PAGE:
Accessibility links

Breaking News

Central Asia Struggles To Reintegrate Islamic State Returnees


Evacuated from Syria, a resident of Aqtobe, Kazakhstan, talks with a psychologist in a rehabilitation center. (file photo)

A 28-year-old Kyrgyz, Gulmira ran away from her home in Syria four years ago to escape her Islamic State (IS) fighter husband and the horrors of living under the extremist group.

Gulmira, whose name was changed to protect her privacy, initially left Kyrgyzstan for Turkey to find work, but later moved to IS-held parts of Syria and then got married there.

The woman -- who also has a son born in Syria six years ago -- is tight-lipped about why she decided to join IS, merely saying she was “deceived.”

Gulmira now wants to rebuild her life in Kyrgyzstan but claims she doesn’t get much support and has been “under constant stress” since her return.

“Officers from the State Committee for National Security often come unannounced to search my home,” Gulmira told RFE/RL’s Kyrgyz Service.

“They couldn’t find anything illegal and just took away my mobile phone and clothes," she added. "They say bad things about me to my neighbors. I wish at least I could get some psychological support.”

The Kyrgyz security committee didn’t respond to RFE/RL's request for comment.

A boy evacuated from Syria learns his numbers in a rehabilitation center in Aqtobe, Kazakhstan. (file photo)
A boy evacuated from Syria learns his numbers in a rehabilitation center in Aqtobe, Kazakhstan. (file photo)

But authorities in Kyrgyzstan and other Central Asian countries have acknowledged they found themselves in uncharted territory when thousands of their citizens -- family members of IS fighters -- came back home from Syria and Iraq in recent years.

Since 2019, Kazakhstan, Tajikistan, Uzbekistan, and Kyrgyzstan have repatriated more than 1,000 women and children stranded in Syria and Iraq.

Hundreds more returned privately, long before the defeat of the extremist group in Syria in 2019.

Authorities in the predominantly Muslim region have since been working to rehabilitate and reintegrate their citizens who have been exposed to such things as IS atrocities, air strikes, poverty, and hunger.

Some were deeply indoctrinated by the IS's extremist ideology.

Many professionals, including doctors, teachers, psychologists, and religious figures have been recruited to help the returnees transition to “normal life.”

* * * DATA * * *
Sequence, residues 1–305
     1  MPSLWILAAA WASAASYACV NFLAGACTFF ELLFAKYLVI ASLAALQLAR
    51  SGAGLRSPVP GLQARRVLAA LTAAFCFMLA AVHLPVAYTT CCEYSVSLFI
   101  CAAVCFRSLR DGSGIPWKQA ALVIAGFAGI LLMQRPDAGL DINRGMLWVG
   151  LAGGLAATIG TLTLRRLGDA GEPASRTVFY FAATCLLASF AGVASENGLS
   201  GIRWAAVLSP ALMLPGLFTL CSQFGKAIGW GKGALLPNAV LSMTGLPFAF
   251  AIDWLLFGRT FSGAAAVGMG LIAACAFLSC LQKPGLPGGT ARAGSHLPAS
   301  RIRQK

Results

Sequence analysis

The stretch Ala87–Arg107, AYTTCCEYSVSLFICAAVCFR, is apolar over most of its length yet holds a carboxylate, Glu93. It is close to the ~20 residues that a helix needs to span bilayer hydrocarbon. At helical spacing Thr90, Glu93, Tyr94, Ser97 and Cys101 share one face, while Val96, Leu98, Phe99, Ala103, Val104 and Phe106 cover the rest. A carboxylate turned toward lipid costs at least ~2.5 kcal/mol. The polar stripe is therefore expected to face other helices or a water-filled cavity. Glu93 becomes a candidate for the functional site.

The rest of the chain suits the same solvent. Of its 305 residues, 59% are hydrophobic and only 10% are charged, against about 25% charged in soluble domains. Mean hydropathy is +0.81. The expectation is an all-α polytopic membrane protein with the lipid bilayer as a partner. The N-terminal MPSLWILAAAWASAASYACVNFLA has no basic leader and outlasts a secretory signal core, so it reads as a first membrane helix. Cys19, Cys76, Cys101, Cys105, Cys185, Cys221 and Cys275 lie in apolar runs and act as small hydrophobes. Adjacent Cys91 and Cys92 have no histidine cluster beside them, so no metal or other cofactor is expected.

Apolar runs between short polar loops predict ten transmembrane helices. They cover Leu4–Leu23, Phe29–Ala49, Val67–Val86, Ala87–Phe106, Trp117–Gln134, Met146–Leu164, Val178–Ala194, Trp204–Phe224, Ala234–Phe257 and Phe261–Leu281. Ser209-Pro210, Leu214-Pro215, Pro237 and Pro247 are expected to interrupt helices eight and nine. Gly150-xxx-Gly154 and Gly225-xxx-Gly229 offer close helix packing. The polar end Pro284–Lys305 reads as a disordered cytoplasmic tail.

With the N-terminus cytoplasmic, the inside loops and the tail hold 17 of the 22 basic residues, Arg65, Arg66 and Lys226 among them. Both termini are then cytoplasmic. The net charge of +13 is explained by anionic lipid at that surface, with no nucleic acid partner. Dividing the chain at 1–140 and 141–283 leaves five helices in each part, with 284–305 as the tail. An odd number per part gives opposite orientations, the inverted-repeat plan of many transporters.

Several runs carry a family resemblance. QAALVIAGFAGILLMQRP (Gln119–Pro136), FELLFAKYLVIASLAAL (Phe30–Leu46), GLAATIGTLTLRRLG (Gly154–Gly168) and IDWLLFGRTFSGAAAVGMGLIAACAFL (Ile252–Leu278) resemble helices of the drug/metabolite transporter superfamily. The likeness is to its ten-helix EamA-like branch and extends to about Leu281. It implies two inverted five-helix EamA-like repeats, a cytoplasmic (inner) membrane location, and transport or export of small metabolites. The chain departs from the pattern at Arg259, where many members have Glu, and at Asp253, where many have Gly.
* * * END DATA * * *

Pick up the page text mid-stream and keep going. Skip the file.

A Red Crescent worker holds a child who has returned from Iraq to Kyrgyzstan. (file photo)
A Red Crescent worker holds a child who has returned from Iraq to Kyrgyzstan. (file photo)

There are many success stories, according to the governments.

One Kazakh woman attended several conferences at home and abroad, telling the world about how she and her five young children were given a “second chance” after Kazakhstan brought them home from a Syrian refugee camp in 2019.

The widow of a Kazakh IS fighter, Sabinella Ayazbaeva has since been busy with her “new chapter in life.” She got a part-time job at a local trade center in her native city of Qaraghandy and enrolled in psychology courses at a university. Her children all attend school.

In Tajikistan, some returnees took part in government-sponsored meetings with young people to warn them against the dangers of joining extremist groups.

But it hasn’t been smooth sailing for all, especially with some school-age children, according to experts, officials, and families involved.

Saule Mukanova, a children’s psychologist who worked at a IS rehabilitation center in Kazakhstan, told RFE/RL that many older children initially “behaved aggressively,” calling their teachers infidels and even throwing stones at them.

Mukanova recalls that some of the children would even self-harm themselves to express their anger and frustration. It took time until the children got used to their new surroundings, began to trust people, and learned to enjoy playing, watching television, and just having fun.

A plane filled with Tajik children turning from Iraq lands in Dushanbe. (file photo)